- Submit a paper on a specific medication that has recently been approved for use (within the last two years) and is widely prescribed within the United States.
- Your paper must be a minimum of eight (8) pages, not including your title or reference pages. You should include at least five recent references (published within the last five years), and the paper must be presented in APA format.
- The paper must include the following content information:
- Manufacturing company
- Brand name
- First in class, or not first in class
- Common side effects profile
- Known contradictions
- Make sure you explain the special considerations that your chosen drug has on the unique populations/client groups listed below. Special considerations should include absorption, clearance/elimination, distribution, metabolism half-life, loading dose, route of drug administration, and steady state.
Pediatric Patients: Pediatric patients are not little adults. There are special pharmacokinetic and pharmacodynamics variations in this patient group. Their reaction to medication can be very unpredictable. Accurate dosing is the key due to their limited body mass.
Geriatric Patients: Geriatric patients have altered pharmacokinetic and pharmacodynamics responses to medication. The process of aging and disease will change how the body responds to drug therapy. Memory limitations and increased sensitivity to drug therapy may cause unique problems with this population.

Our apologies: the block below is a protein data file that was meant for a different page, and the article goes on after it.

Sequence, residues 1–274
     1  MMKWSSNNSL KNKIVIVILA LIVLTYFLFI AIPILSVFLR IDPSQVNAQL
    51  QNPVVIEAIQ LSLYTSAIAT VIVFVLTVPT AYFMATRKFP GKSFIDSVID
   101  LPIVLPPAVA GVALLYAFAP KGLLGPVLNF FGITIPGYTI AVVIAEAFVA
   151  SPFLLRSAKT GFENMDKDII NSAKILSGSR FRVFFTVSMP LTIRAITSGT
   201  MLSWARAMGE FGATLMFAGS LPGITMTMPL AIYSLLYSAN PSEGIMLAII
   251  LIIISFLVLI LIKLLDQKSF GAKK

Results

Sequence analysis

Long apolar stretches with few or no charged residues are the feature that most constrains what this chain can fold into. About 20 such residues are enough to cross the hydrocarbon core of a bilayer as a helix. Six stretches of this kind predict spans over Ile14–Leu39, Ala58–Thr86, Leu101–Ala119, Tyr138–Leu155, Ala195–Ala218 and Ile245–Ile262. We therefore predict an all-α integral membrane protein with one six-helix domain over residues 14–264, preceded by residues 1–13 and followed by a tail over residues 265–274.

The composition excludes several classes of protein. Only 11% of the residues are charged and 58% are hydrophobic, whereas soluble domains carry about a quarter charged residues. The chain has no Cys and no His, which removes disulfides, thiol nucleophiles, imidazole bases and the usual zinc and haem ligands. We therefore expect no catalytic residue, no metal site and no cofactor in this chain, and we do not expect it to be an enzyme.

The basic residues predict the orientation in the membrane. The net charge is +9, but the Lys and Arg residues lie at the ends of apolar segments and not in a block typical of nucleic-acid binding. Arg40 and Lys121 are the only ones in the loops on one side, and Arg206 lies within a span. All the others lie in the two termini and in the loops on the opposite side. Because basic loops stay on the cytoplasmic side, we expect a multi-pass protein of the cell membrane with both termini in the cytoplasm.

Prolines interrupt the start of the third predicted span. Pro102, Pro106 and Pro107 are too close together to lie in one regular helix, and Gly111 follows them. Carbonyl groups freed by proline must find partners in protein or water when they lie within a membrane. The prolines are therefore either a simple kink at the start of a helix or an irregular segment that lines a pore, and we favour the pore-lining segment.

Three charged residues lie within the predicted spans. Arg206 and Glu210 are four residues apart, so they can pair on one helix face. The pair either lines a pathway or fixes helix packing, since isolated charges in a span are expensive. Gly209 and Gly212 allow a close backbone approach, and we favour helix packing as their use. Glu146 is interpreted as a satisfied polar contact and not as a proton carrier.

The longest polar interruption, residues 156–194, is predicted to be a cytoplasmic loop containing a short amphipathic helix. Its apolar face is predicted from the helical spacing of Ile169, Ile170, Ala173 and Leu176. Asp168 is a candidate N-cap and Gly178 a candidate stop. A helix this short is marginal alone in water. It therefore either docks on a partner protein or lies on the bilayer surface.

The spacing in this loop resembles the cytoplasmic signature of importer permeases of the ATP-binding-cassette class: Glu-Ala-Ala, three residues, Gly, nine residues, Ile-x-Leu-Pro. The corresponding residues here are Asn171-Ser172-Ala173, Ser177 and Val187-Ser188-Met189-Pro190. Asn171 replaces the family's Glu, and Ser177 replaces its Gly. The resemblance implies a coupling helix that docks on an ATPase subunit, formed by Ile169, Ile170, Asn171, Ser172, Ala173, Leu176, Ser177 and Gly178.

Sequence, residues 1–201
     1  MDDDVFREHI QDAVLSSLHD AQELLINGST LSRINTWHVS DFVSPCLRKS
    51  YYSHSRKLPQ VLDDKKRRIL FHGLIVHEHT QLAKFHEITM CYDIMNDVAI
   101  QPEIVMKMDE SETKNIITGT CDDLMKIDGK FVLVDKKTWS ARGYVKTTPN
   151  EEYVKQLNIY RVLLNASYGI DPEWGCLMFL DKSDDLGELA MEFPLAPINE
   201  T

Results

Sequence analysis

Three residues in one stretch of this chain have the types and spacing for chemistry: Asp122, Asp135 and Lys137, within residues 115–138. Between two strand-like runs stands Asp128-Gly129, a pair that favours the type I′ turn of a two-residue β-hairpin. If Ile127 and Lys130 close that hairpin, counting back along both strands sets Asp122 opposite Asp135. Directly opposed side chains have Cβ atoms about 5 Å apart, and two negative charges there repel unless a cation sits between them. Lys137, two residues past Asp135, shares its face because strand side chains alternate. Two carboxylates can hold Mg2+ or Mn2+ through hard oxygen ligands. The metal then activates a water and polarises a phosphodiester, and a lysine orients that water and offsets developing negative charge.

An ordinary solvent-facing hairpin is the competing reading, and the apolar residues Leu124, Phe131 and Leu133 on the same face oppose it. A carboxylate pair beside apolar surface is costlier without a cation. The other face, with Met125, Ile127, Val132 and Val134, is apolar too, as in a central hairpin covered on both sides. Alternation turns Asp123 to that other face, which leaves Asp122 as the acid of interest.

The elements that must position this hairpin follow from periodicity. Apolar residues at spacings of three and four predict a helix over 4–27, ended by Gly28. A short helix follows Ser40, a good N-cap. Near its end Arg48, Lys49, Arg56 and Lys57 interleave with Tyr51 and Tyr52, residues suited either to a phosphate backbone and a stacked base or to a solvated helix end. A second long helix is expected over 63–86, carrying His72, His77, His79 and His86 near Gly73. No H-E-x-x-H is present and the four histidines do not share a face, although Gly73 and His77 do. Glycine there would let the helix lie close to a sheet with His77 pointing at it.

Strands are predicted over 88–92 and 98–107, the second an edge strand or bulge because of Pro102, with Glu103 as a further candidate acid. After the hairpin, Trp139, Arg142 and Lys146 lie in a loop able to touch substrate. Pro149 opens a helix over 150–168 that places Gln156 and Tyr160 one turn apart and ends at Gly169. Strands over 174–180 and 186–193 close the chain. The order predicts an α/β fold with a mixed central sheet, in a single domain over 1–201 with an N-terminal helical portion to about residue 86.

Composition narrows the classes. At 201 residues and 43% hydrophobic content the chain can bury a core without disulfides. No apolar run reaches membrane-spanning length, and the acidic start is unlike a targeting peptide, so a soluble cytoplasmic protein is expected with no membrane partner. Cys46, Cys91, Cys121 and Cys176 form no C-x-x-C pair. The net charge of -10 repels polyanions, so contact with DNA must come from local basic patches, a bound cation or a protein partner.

Doravirine: Newly U.S. Food and Drug Administration Approved Drug for Treating HIV1 Infection in Adult Patients
Pifeltro is the trademark name of newly approved prescription antiretroviral agent by the U.S. Food and Drug Administration (FDA). It contains doravirine as the active agent for treating HIV-1 infections. The market status of this medication remains on prescription only basis. In addition, doravirine is a reference listed drug as well as an FDA reference standard drug (FDA, 2018b). Doravirine is supplied as Pifeltro oral tablets at the strength of 100 mg doravirine per tablet (Prescribers’ Digital Reference (PDR), 2019). This paper provides a discussion of doravirine approval history, drug properties and mechanism, uses, adverse events, and precautions for using this drug followed by a concluding statement.
History of Approval
Doravirine was approved by the U.S. FDA on Aug 30, 2018 under the New Drug Application number 210806. It was developed by MSD MERCK Co. Inc. The agent’s submission classification is type 1 – molecular entity. It does not inhibit human cellular mitochondrial DNA polymerase γ and DNA polymerases α and ß (FDA, 2018a). On Nov 28, 2018, doravirine was approved by the European Medicines Agency as a fixed dose combination with lamivudine and tenofovir and a separate formulation for co-administration with other antiretroviral drugs (Collins, 2018). Similarly, doravirine was approved in the U.S. as a fixed-dose combination tablet the nucleoside reverse transcriptase inhibitors tenofovir disoproxil fumarate and lamivudine and a single-agent tablet (Deeks, 2018).